This course is designed to prepare school leaders for leadership positions in public education. It intends to help postgraduate students in defining an appropriate mode of qualitative inquiry related to a chosen topic of study. The course has been constructed to guide students through a range of issues and considerations, which should inform their general approach to qualitative research. It will give students a general understanding of postgraduate and professional qualitative research, its methodologies, its challenges and its organization. Students will be introduced to a range of research tools and will be equipped to plan and organize their research, as well as to communicate their findings with academic, school district and community audiences.
This course will provide an introduction to educational research - qualitative, quantitative, and mixed method designs. The primary purpose of the course is to develop the skills and disposition needed to be a critical consumer of educational research. Students will learn the key characteristics, strengths and limitations of various research designs. Students will learn to critique the research methodologies employed by various studies and to synthesize the findings of multiple studies on a specific educational topic/problem.
Provides an initial exploration and exposure to leadership roles at the district setting and should be taken as part of a candidate's practicum experiences at the end of the program of study. Candidates expected to log a minimum of 90 hours of total practical field experiences to include, but not limited to, shadowing school leaders, observing other educators, assuming responsibility for basic leadership activities as assigned by mentor and conducting a case study on leadership concepts. Candidate will participate in three leadership seminars which focus on leadership foundations and best practices as articulated by current leaders in the field and a basic action research activity. Candidate will also begin to explore the role of the superintendent as an agent of change and/or reform.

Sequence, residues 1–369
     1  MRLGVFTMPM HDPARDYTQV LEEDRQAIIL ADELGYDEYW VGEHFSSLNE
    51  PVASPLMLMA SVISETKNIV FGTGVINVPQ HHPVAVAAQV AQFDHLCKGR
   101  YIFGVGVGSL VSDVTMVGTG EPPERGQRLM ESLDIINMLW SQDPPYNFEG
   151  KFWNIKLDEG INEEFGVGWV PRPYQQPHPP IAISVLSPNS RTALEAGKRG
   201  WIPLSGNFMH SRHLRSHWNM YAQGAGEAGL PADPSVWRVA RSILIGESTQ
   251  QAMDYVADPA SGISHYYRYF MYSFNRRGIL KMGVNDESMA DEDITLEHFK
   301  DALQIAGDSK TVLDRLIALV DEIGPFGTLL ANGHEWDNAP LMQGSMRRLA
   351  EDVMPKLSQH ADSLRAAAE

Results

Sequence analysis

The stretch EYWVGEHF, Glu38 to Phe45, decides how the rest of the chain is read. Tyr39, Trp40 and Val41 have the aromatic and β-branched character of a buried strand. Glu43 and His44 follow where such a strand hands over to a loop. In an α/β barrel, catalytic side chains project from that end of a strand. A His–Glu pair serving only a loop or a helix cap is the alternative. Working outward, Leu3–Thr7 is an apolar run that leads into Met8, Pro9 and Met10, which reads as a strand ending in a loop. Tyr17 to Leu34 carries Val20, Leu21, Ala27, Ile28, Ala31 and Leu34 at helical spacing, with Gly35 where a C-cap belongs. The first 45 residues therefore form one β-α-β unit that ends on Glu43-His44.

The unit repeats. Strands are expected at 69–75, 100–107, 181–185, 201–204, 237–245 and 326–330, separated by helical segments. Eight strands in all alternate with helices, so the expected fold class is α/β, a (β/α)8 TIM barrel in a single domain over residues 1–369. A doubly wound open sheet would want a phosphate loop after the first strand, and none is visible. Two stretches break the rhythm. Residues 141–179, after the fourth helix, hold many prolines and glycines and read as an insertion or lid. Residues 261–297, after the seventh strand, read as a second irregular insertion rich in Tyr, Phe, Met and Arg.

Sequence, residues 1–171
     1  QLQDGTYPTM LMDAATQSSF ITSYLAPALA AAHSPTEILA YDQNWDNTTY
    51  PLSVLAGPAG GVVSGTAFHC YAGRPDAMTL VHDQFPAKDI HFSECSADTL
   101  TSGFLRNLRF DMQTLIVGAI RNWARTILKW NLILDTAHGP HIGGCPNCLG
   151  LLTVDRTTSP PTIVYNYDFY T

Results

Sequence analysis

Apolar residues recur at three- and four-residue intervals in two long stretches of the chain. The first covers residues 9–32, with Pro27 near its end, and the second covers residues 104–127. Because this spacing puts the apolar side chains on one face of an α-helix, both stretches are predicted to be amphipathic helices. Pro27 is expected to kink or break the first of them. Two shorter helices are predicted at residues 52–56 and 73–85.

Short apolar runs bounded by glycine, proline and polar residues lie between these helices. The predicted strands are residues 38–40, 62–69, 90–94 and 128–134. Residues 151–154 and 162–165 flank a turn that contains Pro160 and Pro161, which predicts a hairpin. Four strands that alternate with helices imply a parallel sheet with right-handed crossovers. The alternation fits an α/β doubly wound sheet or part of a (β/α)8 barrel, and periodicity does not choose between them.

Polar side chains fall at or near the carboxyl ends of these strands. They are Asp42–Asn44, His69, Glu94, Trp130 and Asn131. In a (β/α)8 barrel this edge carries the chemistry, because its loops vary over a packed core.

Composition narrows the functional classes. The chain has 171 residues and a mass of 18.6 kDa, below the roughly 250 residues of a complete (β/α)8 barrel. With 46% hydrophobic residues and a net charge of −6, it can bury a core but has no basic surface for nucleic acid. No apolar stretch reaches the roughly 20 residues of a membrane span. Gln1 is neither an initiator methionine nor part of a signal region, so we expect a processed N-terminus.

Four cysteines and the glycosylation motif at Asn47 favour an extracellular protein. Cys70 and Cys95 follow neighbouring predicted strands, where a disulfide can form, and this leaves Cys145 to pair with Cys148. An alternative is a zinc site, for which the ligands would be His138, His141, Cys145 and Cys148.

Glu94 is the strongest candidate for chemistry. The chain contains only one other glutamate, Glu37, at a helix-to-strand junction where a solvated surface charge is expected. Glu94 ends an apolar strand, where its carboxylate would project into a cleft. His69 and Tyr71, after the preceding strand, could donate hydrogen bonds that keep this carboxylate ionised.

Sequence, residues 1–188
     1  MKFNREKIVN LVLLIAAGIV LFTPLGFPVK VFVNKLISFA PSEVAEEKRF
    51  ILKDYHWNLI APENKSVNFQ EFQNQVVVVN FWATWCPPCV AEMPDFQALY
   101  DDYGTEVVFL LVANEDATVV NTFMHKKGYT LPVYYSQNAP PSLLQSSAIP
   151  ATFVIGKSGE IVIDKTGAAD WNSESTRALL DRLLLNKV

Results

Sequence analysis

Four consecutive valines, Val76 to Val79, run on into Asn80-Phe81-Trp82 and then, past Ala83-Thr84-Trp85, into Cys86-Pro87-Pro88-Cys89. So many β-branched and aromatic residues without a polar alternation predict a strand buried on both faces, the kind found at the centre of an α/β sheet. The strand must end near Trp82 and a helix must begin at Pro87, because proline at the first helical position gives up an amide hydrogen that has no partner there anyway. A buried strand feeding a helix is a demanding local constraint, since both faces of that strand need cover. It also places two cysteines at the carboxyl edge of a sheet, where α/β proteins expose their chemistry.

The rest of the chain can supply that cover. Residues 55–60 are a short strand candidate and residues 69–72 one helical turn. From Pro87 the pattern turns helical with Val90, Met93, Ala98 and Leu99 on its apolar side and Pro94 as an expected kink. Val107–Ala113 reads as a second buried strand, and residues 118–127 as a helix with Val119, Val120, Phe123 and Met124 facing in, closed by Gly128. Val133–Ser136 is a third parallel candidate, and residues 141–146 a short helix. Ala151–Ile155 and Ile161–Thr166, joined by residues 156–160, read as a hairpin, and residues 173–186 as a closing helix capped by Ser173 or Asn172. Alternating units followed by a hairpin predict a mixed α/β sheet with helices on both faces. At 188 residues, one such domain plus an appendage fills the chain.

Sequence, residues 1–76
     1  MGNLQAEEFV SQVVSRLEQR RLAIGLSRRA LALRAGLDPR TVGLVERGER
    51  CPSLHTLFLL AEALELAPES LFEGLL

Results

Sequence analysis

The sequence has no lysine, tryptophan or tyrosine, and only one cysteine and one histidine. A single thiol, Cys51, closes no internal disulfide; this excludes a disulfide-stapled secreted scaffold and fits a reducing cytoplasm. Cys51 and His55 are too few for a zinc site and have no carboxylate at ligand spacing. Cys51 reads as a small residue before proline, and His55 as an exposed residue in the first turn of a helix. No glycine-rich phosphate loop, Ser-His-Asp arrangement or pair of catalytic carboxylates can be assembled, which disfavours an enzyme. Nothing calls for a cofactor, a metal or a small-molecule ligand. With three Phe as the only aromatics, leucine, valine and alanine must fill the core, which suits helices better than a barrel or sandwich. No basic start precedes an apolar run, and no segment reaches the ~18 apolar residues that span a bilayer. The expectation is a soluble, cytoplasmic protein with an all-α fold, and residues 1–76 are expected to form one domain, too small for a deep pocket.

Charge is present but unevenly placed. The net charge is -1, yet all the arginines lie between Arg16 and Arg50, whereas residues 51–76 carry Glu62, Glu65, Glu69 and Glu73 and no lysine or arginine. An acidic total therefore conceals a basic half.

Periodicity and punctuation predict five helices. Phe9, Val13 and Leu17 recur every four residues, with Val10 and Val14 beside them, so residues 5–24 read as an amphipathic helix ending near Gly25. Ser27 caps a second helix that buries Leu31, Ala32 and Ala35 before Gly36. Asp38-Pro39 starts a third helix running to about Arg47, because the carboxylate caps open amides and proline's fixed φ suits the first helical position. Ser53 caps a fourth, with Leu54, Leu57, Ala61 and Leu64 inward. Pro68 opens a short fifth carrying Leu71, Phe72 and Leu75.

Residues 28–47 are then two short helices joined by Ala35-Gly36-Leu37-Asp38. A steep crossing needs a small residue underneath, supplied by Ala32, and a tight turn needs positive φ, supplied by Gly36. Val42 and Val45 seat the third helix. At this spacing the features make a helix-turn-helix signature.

This course is concerned with communication processes within an organization. It focuses on the sending, the receiving and the interpretation of messages. Principles of downward, upward and lateral systems are investigated. Case studies, specific to traditionally under-served and marginalized populations, including but not limited to those living in poverty, students learning English as another language, and students with disabilities are employed to illustrate typical problems that arise and the methodologies devised for successful resolutions to achieve effective communication. Designed for students to learn how to represent a school district to all internal and external constituents, including the wider community.
Designed to prepare school leaders for leadership in the area of human resources in public schools. Includes a comprehensive review of the personnel function from the perspective of district central office administration and the theories and best practices in staff recruitment, selection, assignment, orientation, evaluation, professional development, reduction in force and other relevant current issues. Explores negotiations concepts, strategies, regulations and the other legal considerations within the commonwealth of Pennsylvania. Core field experiences, from the basis of the exploration and development of critical skills necessary to be successful, in the areas covered within the course to include the integration of institutional standards as they apply to all topics.
Designed for preparing executive leadership positions in public education. Students expected to have background in public school law and some experiences in leading public schools at either the building and/or district levels. Focuses on a review of key areas of school law with advanced study in the level areas which are currently challenging school and district leaders. State laws affecting public education will be studied in detail along with issues dealing with student rights, the role of the school board, laws specific to the roles of school leaders, parent and community issues, emerging special education challenges and laws dealing with business and finance.